Leitrim for instance actually won the qualifier match that followed two of those recent defeats, which meant that they had some positive experience of the 2018 and ’19 championships. It’s one of the major disadvantages of a pure knock-out competition that there are no such opportunities to redesign the end of a county’s season. For the past two championships, the provincial narrative has governed the year.

The case for tiered championships is unarguable on a purely logical or competitive basis but the GAA also needs to take into account a vision of what the championship should be.

Leitrim had the happy experience of provincial success in 1994, fewer than 30 years ago. It was a second Connacht title and a first in 67 years and was beyond quibble, as they had to beat Galway, Roscommon and Mayo to win it and were able to take the show east to play the Dubs in Croke Park.

Nearly every football county has a fine day somewhere in their trove of memories. Are they on that basis entitled to come every year with no earthly prospect of success and take up fixture space on an ever-restricting calendar?

Not according to the precepts of a coherent competition but as the representatives of a community-based sport, who have long learned to live with their place in the pecking order even as it has been annually copper-fastened by unchanging realities?

The phenomenon of everyone agreeing that something isn’t working and yet being unable to agree on the remedy is not unusual for the GAA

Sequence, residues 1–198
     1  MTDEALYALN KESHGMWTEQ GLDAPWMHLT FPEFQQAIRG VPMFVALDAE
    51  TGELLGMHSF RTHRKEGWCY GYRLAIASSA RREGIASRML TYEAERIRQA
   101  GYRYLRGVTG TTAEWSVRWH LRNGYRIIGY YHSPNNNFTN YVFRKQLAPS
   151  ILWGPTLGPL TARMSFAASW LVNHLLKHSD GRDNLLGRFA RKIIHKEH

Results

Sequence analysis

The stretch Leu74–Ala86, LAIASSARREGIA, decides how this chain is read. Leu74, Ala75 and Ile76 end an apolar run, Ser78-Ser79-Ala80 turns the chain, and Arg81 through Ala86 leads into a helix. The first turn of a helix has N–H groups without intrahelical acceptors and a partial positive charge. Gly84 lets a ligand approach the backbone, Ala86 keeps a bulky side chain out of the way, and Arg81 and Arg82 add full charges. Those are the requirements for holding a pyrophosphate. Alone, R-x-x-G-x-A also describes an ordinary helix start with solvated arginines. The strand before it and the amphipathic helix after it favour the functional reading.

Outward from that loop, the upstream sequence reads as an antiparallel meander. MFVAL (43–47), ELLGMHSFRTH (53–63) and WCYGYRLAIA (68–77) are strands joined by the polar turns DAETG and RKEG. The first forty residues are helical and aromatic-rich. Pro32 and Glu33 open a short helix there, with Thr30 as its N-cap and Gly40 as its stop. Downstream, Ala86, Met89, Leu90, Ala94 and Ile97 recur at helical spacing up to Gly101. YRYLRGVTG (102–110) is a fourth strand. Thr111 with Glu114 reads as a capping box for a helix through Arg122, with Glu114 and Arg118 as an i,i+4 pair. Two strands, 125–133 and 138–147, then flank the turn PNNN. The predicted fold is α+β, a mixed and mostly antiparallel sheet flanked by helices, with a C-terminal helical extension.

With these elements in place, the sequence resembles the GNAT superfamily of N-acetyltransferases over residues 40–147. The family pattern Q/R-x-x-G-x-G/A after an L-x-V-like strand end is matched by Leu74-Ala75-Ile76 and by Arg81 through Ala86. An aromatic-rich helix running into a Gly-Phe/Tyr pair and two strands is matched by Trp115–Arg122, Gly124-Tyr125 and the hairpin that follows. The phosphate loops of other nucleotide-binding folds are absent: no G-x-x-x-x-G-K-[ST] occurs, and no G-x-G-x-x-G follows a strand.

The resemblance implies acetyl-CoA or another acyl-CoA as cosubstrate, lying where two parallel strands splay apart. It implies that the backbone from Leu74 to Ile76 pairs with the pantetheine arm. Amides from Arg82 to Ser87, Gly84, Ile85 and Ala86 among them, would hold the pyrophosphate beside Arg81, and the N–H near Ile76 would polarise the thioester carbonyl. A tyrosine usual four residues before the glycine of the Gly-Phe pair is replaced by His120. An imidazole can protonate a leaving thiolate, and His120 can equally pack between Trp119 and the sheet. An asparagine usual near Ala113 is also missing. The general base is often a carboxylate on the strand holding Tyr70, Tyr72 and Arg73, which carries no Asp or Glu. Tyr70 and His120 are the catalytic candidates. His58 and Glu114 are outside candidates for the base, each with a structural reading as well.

The options due to go before the autumn’s Special Congress on championship reform broadly break down into retaining a version of the provincial championships made more symmetrical or switching the national league to the summer and using it as part of the All-Ireland series – relocating the provincials to spring.

Strategic review

The Fixtures Calendar Review Task Force, which produced the proposals, mentioned in its report that judged from the various submissions, “a sizeable minority” of 46 per cent was opposed to any role for provincial football championships in the All-Ireland.

Intriguingly, although nine previous reports were cited in the introduction to its own document,the FCRTF made no reference to the Towards 2034 committee or its concise demolition of the provincial system.

(Since the unpublished report three years ago, GAA president Larry McCarthy, who sat on the T34 committee, has appointed his own strategic review body to identify future challenges. Whether the findings will be considered any more congenial than its predecessors’, remains to be seen.)

There doesn’t look to be any consensus on what to do about the football championships as the autumn approaches.

A number of players and managers appear to favour the league-based option but there is reason to believe that administrators prefer the ‘four eights’. One straw poll after a briefing session earlier this year showed it as the choice of 47 per cent.

The phenomenon of everyone agreeing that something isn’t working and yet being unable to agree on the remedy is not unusual for the GAA.

Unless the current championships decisively shifts the debate in the weeks ahead, the Special Congress is on course to end up like one of those US presidential ‘deadlocked conventions’ and force delegates back to the drawing board – even as the current championship proves less and less fit for purpose.

smoran@irishtimes.com